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  7. The moral of this story - don't trust the grandkids to get the details right! Thanks, Pizza Guy! --Amy P.

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  8. Angela Polino said.....
    Hey Pizza Guy....Whe you do get back to Proietti's be sure to have Whitey show you the family pics on the walls. They aren't just ther for ambiance. They really are ancestors. They really do make the restaraunt a piece of family history.

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  9. Thanks - I do very much want to make it out there for dinner some night. It's just a matter of finding the time.

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  10. When my father was a little boy in the 1940's, he grew up in the old Italian neighborhood. (My grandparents came from the old country in the 1920s.) He told me about how he and his friends would collect old bottles to turn them into cash to purchase a "nickel pizza" and a bottle of Coke-a-Cola at the local bar. (Yes, the kids could get pizza and pop there.)They also would purchase pizza from the old Italian bakeries, such as: Petrillo's and Veltri's. Eventually, Veltri's opened a pizzeria, and Tom Petrillo and his wife, Nancy, opened Tom and Nancy's Pizza (sold off in the mid to late 1980s - never the same) which used to be among the best pizzerias in Rochester. You may want to dig further into your research about pizza in Rochester. Many were little neighborhood stores without telephone listings.

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  11. Thanks for that information. I'd love to dig deeper into it, but as you said, the phone books aren't enough. If you'd like to sit down sometime and tell me more, I'd be glad to do it.

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  12. Greetings:

    Are you still doing pizza research?
    There was Ozzie's Pizza on Park Ave., corner of Berkeley...across the street from what is now CVS and a bank.
    In 1960 we were 13 yrs. old and Ozzie's was the place to go, possibly as we [our bunch of friends/school mates] could walk there. [I used to live on Park Ave. by the alphabet streets. The most distant person was dropped off by his mother and nobody laughed at him.]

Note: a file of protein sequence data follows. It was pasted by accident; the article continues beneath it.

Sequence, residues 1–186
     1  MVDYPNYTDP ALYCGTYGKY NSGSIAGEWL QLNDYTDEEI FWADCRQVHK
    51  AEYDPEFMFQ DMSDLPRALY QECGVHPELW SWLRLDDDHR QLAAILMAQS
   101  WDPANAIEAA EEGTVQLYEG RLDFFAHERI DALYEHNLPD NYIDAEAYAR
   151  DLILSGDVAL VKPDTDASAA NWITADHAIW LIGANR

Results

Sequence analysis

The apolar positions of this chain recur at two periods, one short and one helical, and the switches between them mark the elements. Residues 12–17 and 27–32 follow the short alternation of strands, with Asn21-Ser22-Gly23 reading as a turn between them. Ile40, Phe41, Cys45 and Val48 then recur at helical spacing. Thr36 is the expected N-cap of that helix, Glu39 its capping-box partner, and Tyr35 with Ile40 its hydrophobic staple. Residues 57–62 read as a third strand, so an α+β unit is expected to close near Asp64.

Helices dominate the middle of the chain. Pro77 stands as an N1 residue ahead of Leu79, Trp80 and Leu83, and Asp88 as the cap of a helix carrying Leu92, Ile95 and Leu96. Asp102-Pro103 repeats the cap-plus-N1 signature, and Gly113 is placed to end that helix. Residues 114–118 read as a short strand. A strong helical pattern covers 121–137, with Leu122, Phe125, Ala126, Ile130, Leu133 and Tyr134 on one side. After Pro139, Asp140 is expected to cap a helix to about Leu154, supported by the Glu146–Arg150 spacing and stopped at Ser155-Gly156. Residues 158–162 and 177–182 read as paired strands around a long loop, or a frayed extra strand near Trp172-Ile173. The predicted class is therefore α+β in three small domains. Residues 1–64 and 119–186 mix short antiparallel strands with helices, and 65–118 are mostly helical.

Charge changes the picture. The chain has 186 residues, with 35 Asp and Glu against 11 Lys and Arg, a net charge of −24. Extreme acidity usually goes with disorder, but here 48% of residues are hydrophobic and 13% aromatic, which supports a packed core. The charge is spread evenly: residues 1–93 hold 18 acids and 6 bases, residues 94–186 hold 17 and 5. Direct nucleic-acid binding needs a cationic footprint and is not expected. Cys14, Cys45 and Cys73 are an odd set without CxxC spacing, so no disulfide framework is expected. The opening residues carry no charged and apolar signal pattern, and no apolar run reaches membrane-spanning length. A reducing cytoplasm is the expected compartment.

The very best pizza in town, however, was made in my Sicilian grandmother's kitchen!

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  13. Generally, your grandmother always makes the best food. Thanks for sharing those memories.

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  14. Hey Pizza Guy,
    I might be able to help you out with a little history on Ozzie’s Pizza. I worked for “Ozzie” on Park Ave. and Proietti’s (Goodman & Webster) in the mid 60’s on and off through the late 70’s. One afternoon while bowling with Ozzie at Brighton Bowl on east ave., he told me how he got started making pizza. I don’t remember the dates but he told me a little about his business experiences. In the 30’s he was a Golden Gloves Boxer. His first business was a bar in Buffalo NY; he borrowed $5000 from his brother to buy it. When he moved to Rochester, he was looking for a business opportunity and noticed there weren’t many pizzerias. So he opened one of three that he owned. He told me that he was building his pizza empire for his son. When his son graduated from college, he went to work for his dad (Ozzie) I believe on Goodman St., but it was short lived. His son ended up being allergic to flour dust. Slowly Ozzie sold the pizza businesses but kept the buildings. Park Ave was the last Ozzie’s Pizza. I could not thank Ozzie and the Proietti Family enough for helping to shape my character. They showed me the true meaning of honesty, hard work and family that I wouldn’t have had in my childhood.

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  15. Thanks for sharing the memories!

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  16. I remember getting pizza from Giuseppe's when we lived in the 19th Ward in the mid 50s, but I recall that it was on the east side of State Street across from Kodak Office. They later moved over to Brown Street. At which point my folks switched to Campi's on Genesee Street.